A groundskeeper whose brother died a few weeks ago in a car accident is finding comfort in a small but distinct cross discovered in a tree trunk at a Lafayette, California, cemetery. "Since my brother passed away, I've been looking for signs, waiting for him to come to me in my dreams, tell me goodbye," said Juan Ochoa, 45, who works at Queen of Heaven Cemetery, where tree trimmers on Tuesday stumbled upon the religious symbol. The discovery, he says, is helping ease his pain. Workers removing the fallen California pine stopped cutting when they found the cross image in a section of the tree. No other portions of the tree contained similar markings, Ochoa said.
Cemetery administrators are displaying the 4-inch-thick tree slice in their
office. Plans are to place it in a
clear box for display. "We've never seen anything like it before," said Queen of Heaven worker Anna
Engelhard. People have stopped to pray when they see the cross; others have taken out
their rosary beads. One man who was shaken by the symbol told cemetery workers
he was going to go to church. "He felt the power that there is something," a
staffer said. Emily Chandler owns the tree service whose trimmers discovered the cross. She
said that when her son, a foreman, texted her a photo of the cross, she told him
to take the slice home or that she would keep it herself.
Chandler, whose business has been in Contra Costa County since 1996 but goes back several generations, said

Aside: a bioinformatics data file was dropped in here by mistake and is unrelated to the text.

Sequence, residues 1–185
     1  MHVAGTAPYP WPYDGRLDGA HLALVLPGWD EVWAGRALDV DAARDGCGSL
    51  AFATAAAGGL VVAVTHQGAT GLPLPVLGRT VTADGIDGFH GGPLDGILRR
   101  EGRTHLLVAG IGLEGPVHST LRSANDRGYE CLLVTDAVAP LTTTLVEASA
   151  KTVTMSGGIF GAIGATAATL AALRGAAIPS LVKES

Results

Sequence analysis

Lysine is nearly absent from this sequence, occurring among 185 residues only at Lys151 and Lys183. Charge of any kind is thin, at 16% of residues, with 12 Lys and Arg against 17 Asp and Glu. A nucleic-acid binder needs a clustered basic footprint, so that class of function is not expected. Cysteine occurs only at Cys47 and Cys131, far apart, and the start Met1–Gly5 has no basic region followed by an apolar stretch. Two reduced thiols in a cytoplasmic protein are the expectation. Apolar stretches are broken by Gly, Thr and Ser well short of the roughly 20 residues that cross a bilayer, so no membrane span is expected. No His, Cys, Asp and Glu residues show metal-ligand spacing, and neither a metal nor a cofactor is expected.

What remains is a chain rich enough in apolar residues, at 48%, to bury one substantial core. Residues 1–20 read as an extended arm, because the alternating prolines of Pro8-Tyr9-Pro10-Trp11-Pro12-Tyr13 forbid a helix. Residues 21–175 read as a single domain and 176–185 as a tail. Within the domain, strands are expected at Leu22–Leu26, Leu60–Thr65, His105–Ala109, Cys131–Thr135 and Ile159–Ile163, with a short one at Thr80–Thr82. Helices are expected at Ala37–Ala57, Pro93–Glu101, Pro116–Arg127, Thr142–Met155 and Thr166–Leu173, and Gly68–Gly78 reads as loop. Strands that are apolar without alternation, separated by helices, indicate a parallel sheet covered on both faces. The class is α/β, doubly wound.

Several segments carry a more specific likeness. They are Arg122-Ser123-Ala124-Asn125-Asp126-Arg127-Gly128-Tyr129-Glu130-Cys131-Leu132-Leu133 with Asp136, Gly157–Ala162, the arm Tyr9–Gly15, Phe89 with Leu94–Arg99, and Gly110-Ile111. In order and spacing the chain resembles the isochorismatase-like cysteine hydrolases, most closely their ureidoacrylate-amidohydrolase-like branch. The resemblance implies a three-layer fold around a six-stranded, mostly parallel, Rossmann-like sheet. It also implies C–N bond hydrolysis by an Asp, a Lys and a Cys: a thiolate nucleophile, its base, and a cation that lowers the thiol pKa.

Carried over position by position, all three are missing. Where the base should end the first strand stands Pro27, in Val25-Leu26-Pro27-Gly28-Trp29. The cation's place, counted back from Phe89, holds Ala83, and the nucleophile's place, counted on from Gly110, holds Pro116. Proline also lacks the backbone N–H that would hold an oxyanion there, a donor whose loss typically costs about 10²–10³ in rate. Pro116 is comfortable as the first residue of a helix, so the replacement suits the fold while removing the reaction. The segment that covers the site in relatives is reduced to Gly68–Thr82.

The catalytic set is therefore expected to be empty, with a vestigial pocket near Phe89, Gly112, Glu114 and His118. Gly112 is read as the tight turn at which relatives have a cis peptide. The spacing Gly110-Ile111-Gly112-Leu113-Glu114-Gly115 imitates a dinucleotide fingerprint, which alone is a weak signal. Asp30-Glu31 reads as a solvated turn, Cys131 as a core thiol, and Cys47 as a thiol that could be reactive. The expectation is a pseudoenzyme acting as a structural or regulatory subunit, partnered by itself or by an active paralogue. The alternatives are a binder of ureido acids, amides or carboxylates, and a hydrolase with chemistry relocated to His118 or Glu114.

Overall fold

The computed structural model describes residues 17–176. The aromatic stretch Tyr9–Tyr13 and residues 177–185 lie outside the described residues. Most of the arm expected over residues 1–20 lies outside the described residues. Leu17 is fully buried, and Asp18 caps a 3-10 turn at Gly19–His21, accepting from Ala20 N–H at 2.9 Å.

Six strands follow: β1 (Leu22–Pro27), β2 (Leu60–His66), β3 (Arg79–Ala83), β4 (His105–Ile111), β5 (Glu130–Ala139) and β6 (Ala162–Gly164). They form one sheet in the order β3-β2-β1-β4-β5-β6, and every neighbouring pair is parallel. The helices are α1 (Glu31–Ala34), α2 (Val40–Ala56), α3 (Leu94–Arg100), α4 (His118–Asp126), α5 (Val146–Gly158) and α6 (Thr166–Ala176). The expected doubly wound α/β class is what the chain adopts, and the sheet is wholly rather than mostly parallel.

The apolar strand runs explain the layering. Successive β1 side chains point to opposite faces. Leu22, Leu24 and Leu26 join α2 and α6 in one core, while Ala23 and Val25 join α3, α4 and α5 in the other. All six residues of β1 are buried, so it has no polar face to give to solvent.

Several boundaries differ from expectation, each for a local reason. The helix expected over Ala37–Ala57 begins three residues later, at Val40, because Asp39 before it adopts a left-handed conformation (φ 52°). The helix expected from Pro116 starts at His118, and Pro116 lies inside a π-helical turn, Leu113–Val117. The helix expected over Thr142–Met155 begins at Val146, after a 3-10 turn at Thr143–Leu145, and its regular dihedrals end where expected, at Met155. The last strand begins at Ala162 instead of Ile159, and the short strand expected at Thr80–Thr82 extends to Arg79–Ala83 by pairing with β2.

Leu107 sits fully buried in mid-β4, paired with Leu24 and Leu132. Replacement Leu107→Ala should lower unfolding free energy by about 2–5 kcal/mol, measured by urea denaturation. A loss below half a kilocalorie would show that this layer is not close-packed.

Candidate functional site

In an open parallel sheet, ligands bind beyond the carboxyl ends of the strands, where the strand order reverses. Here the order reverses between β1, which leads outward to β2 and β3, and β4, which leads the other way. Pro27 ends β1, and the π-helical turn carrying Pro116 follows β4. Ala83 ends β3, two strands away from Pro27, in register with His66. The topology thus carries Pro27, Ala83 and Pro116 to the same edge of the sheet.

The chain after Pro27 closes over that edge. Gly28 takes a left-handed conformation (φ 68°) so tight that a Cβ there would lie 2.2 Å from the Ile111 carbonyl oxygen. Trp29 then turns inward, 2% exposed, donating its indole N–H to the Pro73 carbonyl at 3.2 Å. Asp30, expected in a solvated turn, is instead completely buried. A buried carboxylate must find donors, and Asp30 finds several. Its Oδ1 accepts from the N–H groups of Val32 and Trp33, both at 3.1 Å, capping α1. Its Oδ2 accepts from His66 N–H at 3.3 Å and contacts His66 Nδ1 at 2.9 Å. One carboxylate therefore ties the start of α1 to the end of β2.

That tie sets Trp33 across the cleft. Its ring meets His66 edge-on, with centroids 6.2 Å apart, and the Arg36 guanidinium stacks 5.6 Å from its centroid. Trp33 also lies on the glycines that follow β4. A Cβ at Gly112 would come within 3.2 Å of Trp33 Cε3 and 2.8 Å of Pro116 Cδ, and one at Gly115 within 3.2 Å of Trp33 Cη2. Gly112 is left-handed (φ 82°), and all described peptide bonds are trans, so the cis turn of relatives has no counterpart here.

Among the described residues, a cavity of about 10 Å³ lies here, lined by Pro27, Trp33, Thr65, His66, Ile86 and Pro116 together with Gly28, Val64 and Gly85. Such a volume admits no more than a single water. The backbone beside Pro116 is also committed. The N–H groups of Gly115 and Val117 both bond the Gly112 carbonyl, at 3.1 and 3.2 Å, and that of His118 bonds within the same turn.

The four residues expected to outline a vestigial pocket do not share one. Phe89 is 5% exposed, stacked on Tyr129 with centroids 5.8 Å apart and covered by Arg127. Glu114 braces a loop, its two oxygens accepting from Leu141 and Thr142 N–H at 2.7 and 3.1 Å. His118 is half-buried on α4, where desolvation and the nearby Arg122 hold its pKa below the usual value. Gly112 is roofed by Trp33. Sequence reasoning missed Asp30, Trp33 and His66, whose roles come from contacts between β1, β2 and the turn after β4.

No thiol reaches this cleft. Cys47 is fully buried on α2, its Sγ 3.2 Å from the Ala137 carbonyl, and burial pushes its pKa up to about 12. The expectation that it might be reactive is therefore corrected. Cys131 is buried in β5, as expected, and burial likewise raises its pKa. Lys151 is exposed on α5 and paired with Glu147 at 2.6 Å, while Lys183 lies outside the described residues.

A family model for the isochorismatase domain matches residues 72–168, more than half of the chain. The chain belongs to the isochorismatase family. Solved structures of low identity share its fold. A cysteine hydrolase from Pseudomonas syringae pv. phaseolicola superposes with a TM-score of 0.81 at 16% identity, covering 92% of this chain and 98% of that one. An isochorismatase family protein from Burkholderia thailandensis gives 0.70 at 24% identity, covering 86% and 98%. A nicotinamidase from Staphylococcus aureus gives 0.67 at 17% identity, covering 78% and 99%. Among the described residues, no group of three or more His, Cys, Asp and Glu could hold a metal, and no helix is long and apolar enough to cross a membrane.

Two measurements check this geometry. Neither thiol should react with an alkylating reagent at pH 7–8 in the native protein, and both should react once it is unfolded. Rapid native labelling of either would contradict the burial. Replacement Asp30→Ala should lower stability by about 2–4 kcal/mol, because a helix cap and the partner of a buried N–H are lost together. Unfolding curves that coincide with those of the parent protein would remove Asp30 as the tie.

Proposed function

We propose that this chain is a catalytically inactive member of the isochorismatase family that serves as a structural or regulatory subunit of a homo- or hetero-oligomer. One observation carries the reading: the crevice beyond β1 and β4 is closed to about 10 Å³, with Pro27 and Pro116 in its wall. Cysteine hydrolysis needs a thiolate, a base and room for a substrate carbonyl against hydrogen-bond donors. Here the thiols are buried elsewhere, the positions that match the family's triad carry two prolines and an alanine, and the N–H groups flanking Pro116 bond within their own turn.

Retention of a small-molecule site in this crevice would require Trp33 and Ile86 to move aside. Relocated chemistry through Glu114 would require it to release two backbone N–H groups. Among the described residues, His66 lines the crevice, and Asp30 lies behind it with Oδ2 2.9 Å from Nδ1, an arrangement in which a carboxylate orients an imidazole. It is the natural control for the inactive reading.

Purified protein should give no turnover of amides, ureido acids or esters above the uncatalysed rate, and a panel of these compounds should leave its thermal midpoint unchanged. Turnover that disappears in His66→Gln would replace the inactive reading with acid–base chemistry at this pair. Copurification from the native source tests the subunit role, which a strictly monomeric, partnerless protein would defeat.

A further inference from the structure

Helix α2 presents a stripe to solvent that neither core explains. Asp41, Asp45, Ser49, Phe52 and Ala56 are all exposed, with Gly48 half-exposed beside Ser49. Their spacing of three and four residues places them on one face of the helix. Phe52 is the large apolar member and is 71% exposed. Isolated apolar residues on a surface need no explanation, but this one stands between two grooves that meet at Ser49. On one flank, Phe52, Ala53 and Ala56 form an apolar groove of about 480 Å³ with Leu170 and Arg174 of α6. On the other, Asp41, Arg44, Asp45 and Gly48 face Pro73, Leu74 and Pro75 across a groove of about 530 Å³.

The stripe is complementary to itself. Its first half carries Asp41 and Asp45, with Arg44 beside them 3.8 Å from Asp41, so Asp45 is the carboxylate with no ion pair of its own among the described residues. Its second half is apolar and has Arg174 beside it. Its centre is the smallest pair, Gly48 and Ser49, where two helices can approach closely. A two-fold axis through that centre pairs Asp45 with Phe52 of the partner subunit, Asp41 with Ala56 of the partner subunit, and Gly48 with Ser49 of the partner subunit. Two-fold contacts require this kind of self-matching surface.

workers have found interesting images within felled timbers, including a
perfectly-shaped heart in a dead birch tree some years ago. But they had never
found a cross until now.
"If you're spiritual, Christian, Catholic, whatever, I think you find very
comforting meanings in things like that when you come across them," she said. For Ochoa, the discovery is especially significant. He planted the tree 12 or
13 years ago at the foot of a gentle hill overlooking some of the Catholic
cemetery's sprawling nearly-200 acres. The tree, he says, was a potted Christmas
tree left at a grave. When families don't pick up such little Christmas trees
after the holidays, workers plant them.
Lewis Feldman, a professor of plant biology at UC Berkeley, says it's
possible the cross is aromatic scar tissue known as "heartwood," which trees
transport into their centers, where the tissue is dead. He theorized the tree
could have had its main tip damaged and the connections belonging to remaining
branches that eventually fell off were preserved, with the brown tannins and
resins moving to the center of the tree. "It's very interesting that it was put in a cross shape," Feldman said.
"Something was going on (with the tree) at that time." Brother Charles Hilken, a professor of medieval studies at Saint Mary's
College in Moraga, said reported appearances of sacred symbols and apparitions
are not surprising. He said that until more is revealed about the matter, the
private experience of believers should be respected.